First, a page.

The United States is trying to be strategic about how it “realigns” its trade relationship with China, but is not interested in a large-scale “decoupling” or a trade “divorce,” U.S. Trade Representative Katherine Tai said in an interview this week.
Tai made the remarks in Singapore, where she had traveled to discuss the Biden administration’s Indo-Pacific Economic Framework. The purpose of the framework, she said, “is to allow for the United States and our most like-minded partners in this region to be able to collaborate on key economic issues and emerging global challenges. And those include working together to promote resilience and sustainability for our own economies, and also through partnership with each other's economies.”
Tai made her comments in an interview with Bloomberg Television.
Tai’s trip to Singapore came just days after she told Congress, in testimony before the House Ways and Means Committee, that it is time for the United States to reassess how it deals with China as a trading partner.
Measures undertaken in the past, including the regime of tariffs imposed by the Trump administration, have failed to get China to open its markets to U.S. goods and to avoid anti-competitive behavior, she told lawmakers.
In the interview Tuesday, Tai said the United States may need to use “other tools” in order to adjust its relationship with China.
Pressed on what those other tools might look like, she said, “I think that it's less about what more we can do to China. I think it is more about how we can shape the U.S.-China trade relationship and again, to realign it to create incentives for our economic actors to ensure that this relationship is one that feels balanced, that is fair, and also, importantly, that is contributing to a sense of security and resilience for not just our economies, but for the global economy.”
Tai’s explicit ruling out of a trade divorce between the U.S. and China may reflect the simple reality on the ground in the Indo-Pacific region, said Gary Hufbauer, a senior fellow at the Peterson Institute for International Economics.
“All these countries have more trade with China than they have with the U.S.,” he told VOA. “And further, the trade with China is growing faster than with the U.S. So, they don't have any real commercial interest in any kind of decoupling or divorce.”
Leaders in the region have repeatedly expressed concern about being put in a position in which they are forced to choose between partnering with the U.S. and partnering with China. Their concern has been sharpened by rhetoric coming from U.S. lawmakers, some of whom have pressed for trade arrangements that isolate China.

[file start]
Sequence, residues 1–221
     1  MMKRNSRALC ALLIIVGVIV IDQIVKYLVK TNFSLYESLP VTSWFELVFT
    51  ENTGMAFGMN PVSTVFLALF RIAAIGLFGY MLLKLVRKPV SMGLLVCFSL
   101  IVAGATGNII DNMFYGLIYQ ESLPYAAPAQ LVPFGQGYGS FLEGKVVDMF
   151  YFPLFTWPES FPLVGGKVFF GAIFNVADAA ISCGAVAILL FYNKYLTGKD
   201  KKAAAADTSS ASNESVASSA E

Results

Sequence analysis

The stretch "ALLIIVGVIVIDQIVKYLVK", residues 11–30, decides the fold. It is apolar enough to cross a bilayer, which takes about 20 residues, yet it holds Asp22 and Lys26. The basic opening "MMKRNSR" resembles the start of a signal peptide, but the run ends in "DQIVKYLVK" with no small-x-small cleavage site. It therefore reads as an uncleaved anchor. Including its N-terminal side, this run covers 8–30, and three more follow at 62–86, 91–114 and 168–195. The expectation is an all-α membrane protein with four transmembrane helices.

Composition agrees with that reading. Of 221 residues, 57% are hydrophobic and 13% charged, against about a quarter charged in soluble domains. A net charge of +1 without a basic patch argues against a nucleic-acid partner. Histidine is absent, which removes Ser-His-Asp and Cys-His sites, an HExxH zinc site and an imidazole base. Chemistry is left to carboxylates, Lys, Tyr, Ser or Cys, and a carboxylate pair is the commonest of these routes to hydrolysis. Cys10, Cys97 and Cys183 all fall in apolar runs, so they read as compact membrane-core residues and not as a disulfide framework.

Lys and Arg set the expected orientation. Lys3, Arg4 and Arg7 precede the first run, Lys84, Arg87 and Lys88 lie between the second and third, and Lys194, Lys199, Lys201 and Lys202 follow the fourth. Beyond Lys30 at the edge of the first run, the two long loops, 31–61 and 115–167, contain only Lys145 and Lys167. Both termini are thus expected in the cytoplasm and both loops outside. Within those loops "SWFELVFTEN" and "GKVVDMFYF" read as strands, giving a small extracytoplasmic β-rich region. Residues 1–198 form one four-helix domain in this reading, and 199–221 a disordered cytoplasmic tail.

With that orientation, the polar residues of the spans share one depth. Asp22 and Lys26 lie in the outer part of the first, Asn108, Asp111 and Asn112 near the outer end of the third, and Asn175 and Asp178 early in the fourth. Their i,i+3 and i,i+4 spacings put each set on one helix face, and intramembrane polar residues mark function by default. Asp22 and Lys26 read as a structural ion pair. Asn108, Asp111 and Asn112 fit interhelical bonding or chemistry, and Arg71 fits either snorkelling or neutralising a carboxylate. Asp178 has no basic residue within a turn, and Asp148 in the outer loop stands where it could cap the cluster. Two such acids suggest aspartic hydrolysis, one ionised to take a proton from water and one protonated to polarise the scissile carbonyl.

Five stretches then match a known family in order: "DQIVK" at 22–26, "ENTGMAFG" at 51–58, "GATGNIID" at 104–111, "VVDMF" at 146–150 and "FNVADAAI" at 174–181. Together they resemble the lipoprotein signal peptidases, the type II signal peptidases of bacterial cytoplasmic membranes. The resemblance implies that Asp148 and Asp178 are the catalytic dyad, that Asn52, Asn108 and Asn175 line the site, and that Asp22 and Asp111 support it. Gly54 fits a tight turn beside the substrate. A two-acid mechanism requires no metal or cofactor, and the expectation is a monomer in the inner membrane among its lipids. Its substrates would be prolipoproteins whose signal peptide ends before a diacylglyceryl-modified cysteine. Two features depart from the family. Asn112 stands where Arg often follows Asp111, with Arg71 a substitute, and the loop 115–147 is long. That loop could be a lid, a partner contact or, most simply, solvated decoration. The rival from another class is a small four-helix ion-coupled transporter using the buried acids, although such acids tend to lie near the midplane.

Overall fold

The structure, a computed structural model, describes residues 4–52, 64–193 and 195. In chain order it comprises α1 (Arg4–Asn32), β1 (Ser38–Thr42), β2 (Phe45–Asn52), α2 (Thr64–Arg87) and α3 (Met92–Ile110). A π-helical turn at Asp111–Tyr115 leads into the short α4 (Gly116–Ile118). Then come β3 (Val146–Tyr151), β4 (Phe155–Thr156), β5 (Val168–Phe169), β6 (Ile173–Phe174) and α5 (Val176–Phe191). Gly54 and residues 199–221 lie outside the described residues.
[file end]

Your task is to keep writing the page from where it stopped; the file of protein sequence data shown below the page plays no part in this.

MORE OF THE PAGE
“That notion faded in her rhetoric,” Hufbauer said, placing Tai and the Biden administration closer to what he called the “realist camp.”
“Trade flows, the magnitude of them, and also now, investment flows — they do not favor a division into two camps,” he said. “Because too many countries have very strong interests in maintaining good commercial relations and good diplomatic relations with both China and the U.S.”
End to tariffs
“It’s encouraging that a senior member of the administration is stating that economic decoupling is not a goal of the administration,” Doug Barry, a senior director at the U.S.-China Business Council, told VOA in an email exchange.
“Whatever Ambassador Tai has in mind in terms of a new trade policy toward China must include preserving and increasing the benefits of the current relationship,” Barry said. “This would include ditching the Trump-era tariffs, which have not changed China’s behavior and have instead hurt American workers, farmers and families.”
Barry said his organization would like to see more high-level trade discussion between U.S. and Chinese leaders, but said, “due to internal politics in both countries, such talks seem unrealistic until late this year at the earliest.”
Reestablishing a U.S. presence
Tai’s trip to Singapore is, in part, an effort to reestablish a U.S. presence in the region on trade issues.
In 2017, then-President Donald Trump withdrew the United States from the Trans-Pacific Partnership, a massive regional trade agreement that had taken years to negotiate. The agreement was resurrected without U.S. participation as the 11-country Comprehensive and Progressive Agreement for Trans-Pacific Partnership (CPATPP), one of the largest free trade organizations in the world.
Some of the CPATPP participants have expressed hope that the U.S. would rejoin the trade bloc, but the Biden administration has said it will not, preferring to work within the Indo-Pacific Economic Framework. China has said it would be interested in joining CPATPP. However, existing members, including Japan and Australia, have said they believe Beijing’s extensive interference in free markets disqualifies China from membership.
Singapore as key partner
Experts say Tai’s trip to Singapore highlighted the role the city-state might play in the Biden administration’s proposed future.
“Singapore is a natural Southeast Asian partner for developing an Indo-Pacific Economic Framework,” Brian Harding, a senior expert on Southeast Asia at the U.S. Institute of Peace, told VOA.
“Singapore welcomes Chinese economic activity in Southeast Asia but is clear-eyed about China’s strategic intentions,” Harding said. “While Singapore can be a staunch defender of the United States’ importance to regional stability, it is also concerned that U.S.-China competition can be destabilizing in and of itself.”
VOA Mandarin Service reporter Jessie Jiang contributed to this story.